I suppose that it does have to be done--you know to keep
them from knocking someone down or messing their clothes--but
it seems kind of cruel to me. If my dog jumps up on me
I figure that he wants to kiss my face and tell me that
he thinks that I'm a really nice person. I don't believe
that you should punish a dog for saying 'I love you.'
When your dog's face is up looking at yours like that
I think that you should tell him just how nice you think
that he is too. Gloria told me that Matthew says that
we mother the dogs too much and that they'll never really
be well trained. Well, they're a lot better now than what
they were before, so some of the training must be working.
The difference between 'trained OK' and 'trained perfectly'
doesn't really matter all that much to me. I once did
a film with Lassie. When that dog got excited it jumped
all over Rudd Weatherwax [Lassie's trainer]. Now that's
the smartest dog in the world. If the world's best trained
dog can jump around to show he's happy then my dogs should
be allowed to do the same. "The truth is that it's
just really hard for me to get to sleep without a dog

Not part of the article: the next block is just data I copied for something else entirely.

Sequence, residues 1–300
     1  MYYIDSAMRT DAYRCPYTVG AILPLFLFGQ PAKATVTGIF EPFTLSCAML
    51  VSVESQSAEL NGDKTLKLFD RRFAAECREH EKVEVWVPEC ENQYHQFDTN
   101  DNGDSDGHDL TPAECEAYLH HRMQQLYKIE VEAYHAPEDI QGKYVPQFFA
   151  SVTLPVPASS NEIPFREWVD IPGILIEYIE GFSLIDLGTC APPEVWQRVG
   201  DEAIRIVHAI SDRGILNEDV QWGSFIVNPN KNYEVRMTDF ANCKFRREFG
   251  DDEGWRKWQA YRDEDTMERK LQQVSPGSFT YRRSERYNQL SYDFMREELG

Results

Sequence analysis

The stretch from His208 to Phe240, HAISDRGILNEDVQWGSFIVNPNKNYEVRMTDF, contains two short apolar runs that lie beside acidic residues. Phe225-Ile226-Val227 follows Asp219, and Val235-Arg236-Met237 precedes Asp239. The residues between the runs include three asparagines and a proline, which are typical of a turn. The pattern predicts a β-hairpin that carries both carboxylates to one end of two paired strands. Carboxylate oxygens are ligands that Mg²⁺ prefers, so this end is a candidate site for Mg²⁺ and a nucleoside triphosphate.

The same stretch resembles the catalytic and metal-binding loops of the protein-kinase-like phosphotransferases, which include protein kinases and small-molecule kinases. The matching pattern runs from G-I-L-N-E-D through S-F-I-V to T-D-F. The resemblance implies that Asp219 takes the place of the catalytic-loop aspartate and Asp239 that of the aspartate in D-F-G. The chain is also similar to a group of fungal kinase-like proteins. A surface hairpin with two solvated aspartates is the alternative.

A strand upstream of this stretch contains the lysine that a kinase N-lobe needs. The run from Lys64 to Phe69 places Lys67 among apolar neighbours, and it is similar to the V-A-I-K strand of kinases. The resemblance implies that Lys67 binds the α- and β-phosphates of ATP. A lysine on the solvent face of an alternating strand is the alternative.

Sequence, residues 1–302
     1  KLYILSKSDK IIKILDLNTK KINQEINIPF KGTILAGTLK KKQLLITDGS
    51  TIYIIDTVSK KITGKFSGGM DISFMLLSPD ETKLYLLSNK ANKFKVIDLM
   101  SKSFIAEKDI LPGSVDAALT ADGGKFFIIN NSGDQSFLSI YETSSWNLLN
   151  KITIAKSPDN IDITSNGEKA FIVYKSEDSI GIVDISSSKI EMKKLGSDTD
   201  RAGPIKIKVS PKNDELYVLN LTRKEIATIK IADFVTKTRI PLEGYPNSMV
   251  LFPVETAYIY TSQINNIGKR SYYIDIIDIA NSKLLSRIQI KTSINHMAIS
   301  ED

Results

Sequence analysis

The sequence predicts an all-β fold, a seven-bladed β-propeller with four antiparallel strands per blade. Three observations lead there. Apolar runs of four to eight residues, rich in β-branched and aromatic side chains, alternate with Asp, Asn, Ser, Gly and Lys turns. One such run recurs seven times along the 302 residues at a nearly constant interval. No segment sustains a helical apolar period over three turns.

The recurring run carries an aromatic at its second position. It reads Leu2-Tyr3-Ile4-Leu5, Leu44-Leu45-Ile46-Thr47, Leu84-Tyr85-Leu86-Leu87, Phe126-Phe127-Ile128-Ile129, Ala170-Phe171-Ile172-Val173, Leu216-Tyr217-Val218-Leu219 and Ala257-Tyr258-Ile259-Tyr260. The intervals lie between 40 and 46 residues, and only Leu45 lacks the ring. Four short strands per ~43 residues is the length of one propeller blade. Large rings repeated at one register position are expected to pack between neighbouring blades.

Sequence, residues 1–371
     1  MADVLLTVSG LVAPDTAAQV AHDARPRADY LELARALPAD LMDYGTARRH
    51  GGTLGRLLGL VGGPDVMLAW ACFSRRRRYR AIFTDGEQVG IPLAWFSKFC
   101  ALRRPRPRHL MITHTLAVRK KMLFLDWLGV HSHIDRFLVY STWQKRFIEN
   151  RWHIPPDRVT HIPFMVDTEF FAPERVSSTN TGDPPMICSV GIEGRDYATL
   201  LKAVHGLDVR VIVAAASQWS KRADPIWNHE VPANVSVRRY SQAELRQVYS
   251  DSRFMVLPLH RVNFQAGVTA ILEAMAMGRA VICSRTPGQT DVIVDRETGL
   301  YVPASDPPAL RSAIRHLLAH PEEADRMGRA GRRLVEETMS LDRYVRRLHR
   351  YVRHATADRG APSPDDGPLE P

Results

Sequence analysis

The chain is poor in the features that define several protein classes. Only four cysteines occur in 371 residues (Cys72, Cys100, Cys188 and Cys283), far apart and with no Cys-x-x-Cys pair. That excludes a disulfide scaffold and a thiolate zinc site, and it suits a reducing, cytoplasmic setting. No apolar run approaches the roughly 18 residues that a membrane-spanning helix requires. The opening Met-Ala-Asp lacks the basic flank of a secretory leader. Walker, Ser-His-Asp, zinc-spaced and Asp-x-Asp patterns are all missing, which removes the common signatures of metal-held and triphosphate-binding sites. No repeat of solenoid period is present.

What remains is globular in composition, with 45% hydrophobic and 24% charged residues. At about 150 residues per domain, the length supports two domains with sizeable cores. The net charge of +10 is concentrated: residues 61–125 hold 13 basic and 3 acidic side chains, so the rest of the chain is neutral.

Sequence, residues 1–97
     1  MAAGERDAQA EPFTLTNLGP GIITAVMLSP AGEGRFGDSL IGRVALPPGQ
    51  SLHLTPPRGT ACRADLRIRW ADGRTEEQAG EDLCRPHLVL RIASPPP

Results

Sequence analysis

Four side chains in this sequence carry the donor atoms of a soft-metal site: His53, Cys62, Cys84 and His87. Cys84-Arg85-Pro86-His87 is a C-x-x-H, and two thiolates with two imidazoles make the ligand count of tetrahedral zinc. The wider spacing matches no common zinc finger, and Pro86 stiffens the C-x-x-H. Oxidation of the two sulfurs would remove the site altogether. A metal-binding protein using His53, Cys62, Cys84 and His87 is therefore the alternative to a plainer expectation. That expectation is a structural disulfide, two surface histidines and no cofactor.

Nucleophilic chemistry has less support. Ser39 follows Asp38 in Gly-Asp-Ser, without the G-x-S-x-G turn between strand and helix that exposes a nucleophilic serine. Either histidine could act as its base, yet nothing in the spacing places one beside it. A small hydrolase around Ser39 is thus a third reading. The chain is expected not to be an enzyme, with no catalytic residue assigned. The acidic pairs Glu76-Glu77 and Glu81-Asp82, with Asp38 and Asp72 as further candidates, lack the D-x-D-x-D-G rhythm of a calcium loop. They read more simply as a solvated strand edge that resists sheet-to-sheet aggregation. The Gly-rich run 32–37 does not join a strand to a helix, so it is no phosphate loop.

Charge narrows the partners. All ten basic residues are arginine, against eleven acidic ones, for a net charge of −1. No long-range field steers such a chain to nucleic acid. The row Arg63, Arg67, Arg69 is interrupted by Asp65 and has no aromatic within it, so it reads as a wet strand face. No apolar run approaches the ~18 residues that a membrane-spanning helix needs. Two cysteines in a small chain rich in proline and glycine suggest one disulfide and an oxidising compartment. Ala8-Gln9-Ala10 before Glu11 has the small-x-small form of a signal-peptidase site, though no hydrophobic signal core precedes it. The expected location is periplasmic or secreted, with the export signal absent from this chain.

in my bedroom. It's funny about that. I once had a dog
named Beau. He used to sleep in a corner of the bedroom.
Some nights, though, he would sneak onto the bed and lie
right in between Gloria and me. I know that I should have
pushed him off the bed, but I didn't. He was up there
because he wanted me to pat his head, so that's what I
would do. Somehow, my touching his hair made him happier,
and just the feeling of him laying against me helped me
sleep better. After he died there were a lot of nights
when I was certain that I could feel him get into bed
beside me and I would reach out and pat his head. The
feeling was so real that I wrote a poem about it and about
how much it hurt to realize that he wasn't going to there
I later learned just how intense his feelings were for
his dog Beau. At the time, Stewart was making a picture
which was shooting on location in Arizona. One evening
he got a phone call from his veterinarian, a Dr. Keagy.
The call was about Beau. Keagy told him that Beau was
very sick. He was having trouble breathing and was in
considerable pain. The disease had progressed to the point
that it was obvious to Keagy that the dog couldn't be
saved. He was calling for permission to end Beau's life
quickly. Stewart's wife Gloria said that she couldn't
make that decision since Beau was Jimmy's dog. "I
can't just tell you to put him to sleep like this,"
Stewart said, "Not over the phone--not without seeing
him. You keep him alive and I'll be there." Stewart
was always known as an easy actor to work with, who never
made excessive demands. So, the director was taken aback
when he went to him to ask for a few days off to fly home
to see to his dog. The leave was granted and Stewart got
to sit with Beau for a long while before making the decision.
He later admitted that when he left the veterinarian's
office he had to sit in his car for around 10 minutes,
just to clear his eyes of tears, so that it would be safe
to drive home.
© 1999 Stanley Coren.